A former Cardiff Blues lock has received a two-year ban for testing positive for a substance associated with steroid use.
Miles Normandale, then of Cardiff RFC, has been suspended from all sport for a period of two years following the Anti-Doping Rule Violation (ADRV).
He claims to have taken the substance before an opportunity had presented itself for him to return to the sport in a professional capacity after an injury had all but ended his career.
Normandale played both professionally and on semi-professional level for Cardiff Blues, Rotherham Titans and Cardiff RFC.
On 17 November 2017 during a match for Cardiff RFC against Cross Keys RFC he suffered an injury to an ankle. Initially it was thought that he had sprained the ankle, but by early January 2018 it had become apparent that the injury was much more serious.
He required surgery, and on 29 January 2018 he underwent a right ankle arthroscopy and syndesmosis stabilisation. At around this time Normandale’s contract with Cardiff RFC was terminated since he had not been able to play for over six weeks; he received his final payment from Cardiff RFC on 31 January 2018.
The then 27-year-old was assigned to Southmead University Hospital for post-operative physiotherapy. He made slow progress and remained in pain with his ankle still swollen. However, he made a gradual, if slow, recovery with the metalwork in his ankle being surgically removed on 4 July 2018. Despite some complication by way of infection, the forward continued to build up his strength with gym sessions some 3-4 times a week.
It was in August 2018 that he told UKAD that he was contacted out of the blue by Cardiff RFC who enquired if he would be willing to return to playing rugby. Normandale’s evidence was that he had for some months thought his rugby playing days were over, but by August 2018 he was attracted by the idea of returning to semiprofessional rugby with Cardiff RFC and did so.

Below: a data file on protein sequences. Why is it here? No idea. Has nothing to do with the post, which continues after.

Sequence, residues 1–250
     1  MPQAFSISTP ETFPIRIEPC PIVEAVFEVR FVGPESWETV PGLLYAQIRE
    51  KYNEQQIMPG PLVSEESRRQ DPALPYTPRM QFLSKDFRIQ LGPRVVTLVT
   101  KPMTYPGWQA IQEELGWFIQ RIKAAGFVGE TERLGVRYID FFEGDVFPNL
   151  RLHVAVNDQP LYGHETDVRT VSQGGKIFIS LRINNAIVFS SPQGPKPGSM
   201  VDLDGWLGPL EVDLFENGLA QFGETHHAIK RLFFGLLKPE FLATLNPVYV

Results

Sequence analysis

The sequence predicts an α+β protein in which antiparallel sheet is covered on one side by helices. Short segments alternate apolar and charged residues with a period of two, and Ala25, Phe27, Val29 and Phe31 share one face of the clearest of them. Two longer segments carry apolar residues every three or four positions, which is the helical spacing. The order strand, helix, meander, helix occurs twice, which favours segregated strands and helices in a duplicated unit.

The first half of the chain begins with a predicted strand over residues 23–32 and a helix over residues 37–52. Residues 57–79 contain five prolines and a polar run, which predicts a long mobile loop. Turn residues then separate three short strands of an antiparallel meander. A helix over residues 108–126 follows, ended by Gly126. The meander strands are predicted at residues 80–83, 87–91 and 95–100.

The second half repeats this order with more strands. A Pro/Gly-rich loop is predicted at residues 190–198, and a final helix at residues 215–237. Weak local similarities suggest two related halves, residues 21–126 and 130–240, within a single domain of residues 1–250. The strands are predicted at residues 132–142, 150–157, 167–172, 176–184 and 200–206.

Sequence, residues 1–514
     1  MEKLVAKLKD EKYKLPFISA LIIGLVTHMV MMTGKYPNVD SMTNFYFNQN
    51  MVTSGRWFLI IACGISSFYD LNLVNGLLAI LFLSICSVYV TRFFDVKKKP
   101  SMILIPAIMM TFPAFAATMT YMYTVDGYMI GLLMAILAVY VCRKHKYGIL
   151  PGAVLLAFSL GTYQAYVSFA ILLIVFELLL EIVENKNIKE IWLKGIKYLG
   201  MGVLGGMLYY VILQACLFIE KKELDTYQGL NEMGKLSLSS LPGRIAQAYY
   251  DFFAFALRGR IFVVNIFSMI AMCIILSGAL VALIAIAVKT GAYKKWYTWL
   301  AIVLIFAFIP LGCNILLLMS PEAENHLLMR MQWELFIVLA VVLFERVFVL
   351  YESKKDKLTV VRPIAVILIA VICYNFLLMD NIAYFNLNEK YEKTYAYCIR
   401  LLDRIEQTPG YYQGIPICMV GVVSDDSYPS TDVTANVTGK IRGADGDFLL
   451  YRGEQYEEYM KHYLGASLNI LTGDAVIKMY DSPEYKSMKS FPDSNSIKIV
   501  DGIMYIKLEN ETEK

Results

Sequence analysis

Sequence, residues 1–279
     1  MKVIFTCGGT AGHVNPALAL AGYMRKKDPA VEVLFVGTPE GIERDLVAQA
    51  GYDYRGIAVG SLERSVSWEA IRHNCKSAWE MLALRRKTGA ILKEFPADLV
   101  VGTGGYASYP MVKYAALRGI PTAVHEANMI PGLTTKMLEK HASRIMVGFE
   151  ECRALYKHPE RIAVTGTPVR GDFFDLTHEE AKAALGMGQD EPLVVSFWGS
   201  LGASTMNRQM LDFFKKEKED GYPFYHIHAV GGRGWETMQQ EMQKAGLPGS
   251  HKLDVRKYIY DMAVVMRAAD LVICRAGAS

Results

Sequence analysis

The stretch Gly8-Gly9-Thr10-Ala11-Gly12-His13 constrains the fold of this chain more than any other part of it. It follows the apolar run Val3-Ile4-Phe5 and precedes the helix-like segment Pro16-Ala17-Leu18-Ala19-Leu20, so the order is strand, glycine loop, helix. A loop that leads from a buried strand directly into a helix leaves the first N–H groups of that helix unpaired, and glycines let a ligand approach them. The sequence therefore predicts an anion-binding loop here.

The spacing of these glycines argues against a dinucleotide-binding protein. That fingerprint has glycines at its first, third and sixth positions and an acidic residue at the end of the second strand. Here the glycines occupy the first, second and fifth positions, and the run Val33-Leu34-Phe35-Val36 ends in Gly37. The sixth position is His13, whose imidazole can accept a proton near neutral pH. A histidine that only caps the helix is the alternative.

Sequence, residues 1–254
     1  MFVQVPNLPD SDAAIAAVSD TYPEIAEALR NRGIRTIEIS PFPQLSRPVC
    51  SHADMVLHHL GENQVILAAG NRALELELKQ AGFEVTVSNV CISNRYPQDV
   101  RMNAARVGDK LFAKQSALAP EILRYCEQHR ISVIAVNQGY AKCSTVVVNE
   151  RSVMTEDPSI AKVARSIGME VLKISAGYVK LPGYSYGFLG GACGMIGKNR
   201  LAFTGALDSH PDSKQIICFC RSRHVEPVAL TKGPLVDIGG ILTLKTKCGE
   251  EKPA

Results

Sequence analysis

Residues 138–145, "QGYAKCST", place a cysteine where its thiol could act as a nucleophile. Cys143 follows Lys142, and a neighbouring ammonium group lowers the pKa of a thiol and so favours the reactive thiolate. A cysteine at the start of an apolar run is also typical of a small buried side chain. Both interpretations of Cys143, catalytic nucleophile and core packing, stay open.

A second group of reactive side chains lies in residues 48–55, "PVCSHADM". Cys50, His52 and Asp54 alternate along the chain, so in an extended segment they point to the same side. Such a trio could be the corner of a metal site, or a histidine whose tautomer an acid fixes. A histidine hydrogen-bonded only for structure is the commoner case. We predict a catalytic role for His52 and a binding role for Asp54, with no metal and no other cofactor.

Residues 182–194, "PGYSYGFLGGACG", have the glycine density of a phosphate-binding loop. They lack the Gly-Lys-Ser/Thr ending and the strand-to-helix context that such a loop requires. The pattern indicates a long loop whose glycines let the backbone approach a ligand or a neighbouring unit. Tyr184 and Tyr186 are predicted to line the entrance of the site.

He signed a new contract dated 15 August 2018 and returned to training. His first match was against Newport RFC on 15 September 2018.
On 20 September 2018 Normandale was subject to a random urine and blood test by a UKAD Doping Control Officer during a Cardiff RFC training session. The urine test was found to be positive for Clomifene, a Prohibited Substance specified under S4 of the WADA Prohibited List as an anti-estrogenic substance.
It is a Specified Substance, and it is prohibited at all times, both in and out of competition. Although the blood test gave no positive result, UKAD were told in evidence that blood is not regularly tested for Clomifene.
Following the positive result, he was provisionally suspended.
Clomifene has a medical use for the stimulation of ovulation in women, but it has no established clinical indication for men. It is however used unofficially by anabolic steroid users to counteract the production of estrogen in males due to steroid abuse.
Giving evidence, the lock forward was the principal witness on his own behalf.
He explained that he wanted to improve his physique on a trip to Australia during which he intended to propose to his girlfriend, and a friend recommended Clomifene as a way of boosting testosterone. The friend gave him a week’s supply of, he thinks, 50 mg tablets of a brand called Serpafar at the beginning of April. He said that he took one 50mg tablet a day for seven days from 9 to 15 April, which was the week before he left for Australia and that was all the Clomifene he ever took.
He said that by this time he thought his rugby playing days were over. He had not played for many months following his ankle injury, his contract with Cardiff RFC had been terminated, and he had decided in consultation with his family no longer to undergo the physical risk of returning to rugby.
Rather, he hoped to concentrate on his tattooing career. According to the judgement, on 20 September 2018 Normandale was “undoubtedly subject” to the jurisdiction of the Welsh Rugby Union.
UKAD’s Chief Executive, Nicole Sapstead, said: “Athletes at all levels of sport must adhere to the principle of strict liability at all times.
“Image and Performance Enhancing Drugs (IPEDs) can remain in the body for a significant period of time so, regardless of whether an athlete is going through injury rehabilitation, taking a break from sport or actively competing, they must always be aware of the consequences of any substances they are putting into their systems.”
The period of ineligibility shall apply from the date of sample collection (20 September 2018) until midnight on 19 September 2020.
– source UKAD
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